The state’s interest in this was clear. For the commune to be self governing, yet still loyal to the monarchy, it was necessary for it to be completely independent of the state. Mironov writes, “The government did not risk appointing its own people, who would have been independent of the peasant, to official positions in the commune; that would have been too expensive and ineffective at the same time.” (445)

However, to make sure any village executive (specifically its chief executive) was loyal, he could be removed by the royal-appointed district governor. This, however, rarely occurred, largely because irritating the peasants, the great bastion of loyalty in the country, would not be in the interests of the royal state. Mironov continues in this vein:

If, however, one analyzes how these officials actually functioned, it is clear that the government did not reach its goal: elected officials did not stand above the commune but operated under its authority, and all administrative and police measures in the commune were taken only with the consent of the village assembly. Only very rarely did elected officials become a hostile authority standing above the peasantry: they had to be periodically reelected, had no significant privileges, did not break their ties with the peasantry (elected officials were freed from taxes and other obligations, except those in kind, and continued to perform all forms of peasant labor), remained under the control of public opinion of the village (and in the event of malfeasance faced the threat of retribution), and shared the common interest of the peasants, not the interests of the state. As a rule the elected officials acted as the defenders of the commune, as petitioners and organizers. Frequently they emerged as leaders of peasant disorders despite the threat of harsh punishment. (445-6)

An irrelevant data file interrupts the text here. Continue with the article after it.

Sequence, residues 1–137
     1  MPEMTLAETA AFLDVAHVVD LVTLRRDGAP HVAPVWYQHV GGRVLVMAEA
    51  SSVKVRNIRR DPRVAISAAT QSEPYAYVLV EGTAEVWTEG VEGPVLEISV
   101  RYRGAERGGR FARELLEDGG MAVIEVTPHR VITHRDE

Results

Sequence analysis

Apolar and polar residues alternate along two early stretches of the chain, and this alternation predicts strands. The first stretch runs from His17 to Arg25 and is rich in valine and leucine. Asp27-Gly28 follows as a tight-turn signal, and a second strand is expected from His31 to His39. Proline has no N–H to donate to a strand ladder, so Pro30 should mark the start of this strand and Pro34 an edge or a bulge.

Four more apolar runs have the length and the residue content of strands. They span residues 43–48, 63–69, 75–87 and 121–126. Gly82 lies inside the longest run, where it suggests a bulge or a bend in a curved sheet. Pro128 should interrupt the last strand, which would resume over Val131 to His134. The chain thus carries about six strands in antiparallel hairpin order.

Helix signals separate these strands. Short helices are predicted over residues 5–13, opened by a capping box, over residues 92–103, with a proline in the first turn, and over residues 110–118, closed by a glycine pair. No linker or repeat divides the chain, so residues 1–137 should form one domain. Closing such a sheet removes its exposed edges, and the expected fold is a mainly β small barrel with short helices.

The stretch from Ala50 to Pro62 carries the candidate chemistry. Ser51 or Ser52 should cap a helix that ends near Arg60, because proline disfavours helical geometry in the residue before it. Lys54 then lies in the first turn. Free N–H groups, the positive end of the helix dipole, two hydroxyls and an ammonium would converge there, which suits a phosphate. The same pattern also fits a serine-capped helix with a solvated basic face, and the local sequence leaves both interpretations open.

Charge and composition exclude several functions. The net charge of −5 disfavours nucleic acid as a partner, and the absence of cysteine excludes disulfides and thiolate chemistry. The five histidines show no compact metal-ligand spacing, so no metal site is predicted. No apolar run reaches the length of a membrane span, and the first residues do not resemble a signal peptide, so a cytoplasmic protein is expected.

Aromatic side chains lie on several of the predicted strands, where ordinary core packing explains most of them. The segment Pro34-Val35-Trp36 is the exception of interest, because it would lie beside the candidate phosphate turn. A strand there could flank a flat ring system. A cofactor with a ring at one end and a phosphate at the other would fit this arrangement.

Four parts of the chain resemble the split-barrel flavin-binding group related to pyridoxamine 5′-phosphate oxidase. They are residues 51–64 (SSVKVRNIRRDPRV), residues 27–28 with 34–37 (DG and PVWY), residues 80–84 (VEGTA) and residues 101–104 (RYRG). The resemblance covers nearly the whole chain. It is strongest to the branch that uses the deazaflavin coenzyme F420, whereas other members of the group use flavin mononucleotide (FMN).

Many liberal Russia scholars might counter this by claiming that the elected village heads were required, after the 1860s, to faithfully carry out the will of the district authorities. However, though this is true, it was also true that no decree of the district authorities had validity in the commune unless it was approved by the village assembly.

According to the data collected by the Russian Geographic Society, the Russian peasant assembly consisted of all male heads of household. Decisions were not finalized until unanimity was reached, or, as Mironov has said, disagreement was brought to a level of silent sulking, which, at this level, was considered agreement. It is important to note, therefore, that each peasant had a specific stake in communal affairs as well as a corresponding voice. Any specific peasant, therefore, could not afford to be alienated from the community, as all decisions could be vetoed even by a relatively small group of disgruntled peasants.

 . . .

Ivan Solonevich adds some weighty thoughts of his own to this subject in his ‘The Force of Authority’ (trans. Mark Hackard).  A small sample:

 . . .